This is a radar image of one of the anchorages we’ve visited in British Columbia’s Desolation Sound. The radar is on quarter mile range, so each range ring is 300 feet (90 meters). We’re in the center of the image. There are 36 boats showing radar return!
We are surrounded by a lot of 40- to 50-foot (12- to 15-meter) yachts. The water is 55 feet (17m) deep at half tide. We set our big ROCNA anchor on 2.5-1 scope, and then, with a firm bite established, shortened the chain rode to 100 feet (30m). A scope of 1.6-1. If you calculate the angle off the bottom, combine the chain length with Wind Horse’s length, we need about 150 feet (45m) of swinging room.
Compare this to a 40-foot (12m) yacht anchored with a normal sized anchor. They will need at least 4-1 and probably 5-1 scope. Take their length and add it to 240 feet (74m) of chain, allow for angles, and you have a swinging radius of 220 feet (67m) at a minimum. The smaller boat with its normal (undersized by our standards) anchor takes a lot more room than the bigger boat with an oversized anchor. Is there a lesson here?
Not only does this work in crowded anchorages, but it benefits you in secluded spots which might otherwise be too tight with a normal anchor.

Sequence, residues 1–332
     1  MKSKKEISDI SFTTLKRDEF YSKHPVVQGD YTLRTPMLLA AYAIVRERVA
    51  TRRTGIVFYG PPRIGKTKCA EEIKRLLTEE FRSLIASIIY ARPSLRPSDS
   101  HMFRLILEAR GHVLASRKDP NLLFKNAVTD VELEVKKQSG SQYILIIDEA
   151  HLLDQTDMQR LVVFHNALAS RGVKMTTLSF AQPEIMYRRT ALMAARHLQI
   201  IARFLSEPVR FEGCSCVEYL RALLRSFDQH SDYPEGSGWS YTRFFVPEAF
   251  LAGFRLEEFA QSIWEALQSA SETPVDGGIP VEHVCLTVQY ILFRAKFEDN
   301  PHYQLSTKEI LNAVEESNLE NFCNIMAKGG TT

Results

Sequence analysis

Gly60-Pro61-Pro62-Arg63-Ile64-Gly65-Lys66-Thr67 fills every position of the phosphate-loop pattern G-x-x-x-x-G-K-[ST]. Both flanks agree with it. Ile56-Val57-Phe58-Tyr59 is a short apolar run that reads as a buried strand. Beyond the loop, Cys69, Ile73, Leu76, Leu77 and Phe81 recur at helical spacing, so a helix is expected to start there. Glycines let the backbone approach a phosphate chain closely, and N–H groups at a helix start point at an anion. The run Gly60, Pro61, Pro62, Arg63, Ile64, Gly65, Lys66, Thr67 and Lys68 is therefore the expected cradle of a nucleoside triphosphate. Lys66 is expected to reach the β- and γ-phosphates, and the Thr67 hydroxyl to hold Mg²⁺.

The anchor, regardless of design, will set faster, being bigger. This means it drags less before it digs in. That reduces the risk of it fouling debris. And since you take less swinging room, the chain sweeps a much smaller area of the bottom as the boat changes position, again reducing the risk of fouling.
So, how big should your anchor be? There are no hard rules, except the old laugh rule (the anchor is not big enough until people begin to laugh at you). But in general, assuming you are using one of the new generation hooks like our ROCNA, we’d fit the following to our own boats:
- Intermezzo (50-foot ketch) – 100 pounds
- Intermezzo ll (62-foot cutter) – 150 pounds
- Sundeer (67-foot ketch) – 180 pounds
- Beowulf (78-foot ketch) – 225 pounds
- Wind Horse (83-foot Unsailboat) – 250 pounds
OK, no more preaching about anchor size (for at least this year).
Now, about our ROCNA anchor.
After two years we continue to be impressed with its performance. Throughout a summer of anchoring mainly on rock or thin mud over rock – the norm in much of British Columbia and Alaska – we have only had one spot where we failed to get a good bite the first try.
We usually set the hook on 2.5- or 3-1 scope and then shorten down to around 2-1 depending on how much space we have (usually very limited). Our routine is to set with both engines at 1100 RPM – the equivalent of a full gale in terms of anchor load – prior to shortening scope.
Our deepest anchorage was in Penderel Sound, where we had to anchor in 150 feet (45m) and had space for just 250 feet (76m) of chain.
We have had no fouls. Not picked up a single boulder, log, or cable (so far), and have not dragged.
The only wear we have noticed is some abrasion on the “chisel point” of the anchor. That indicates to us the point is working on rock, and doing a good job of it.
We really like this anchor.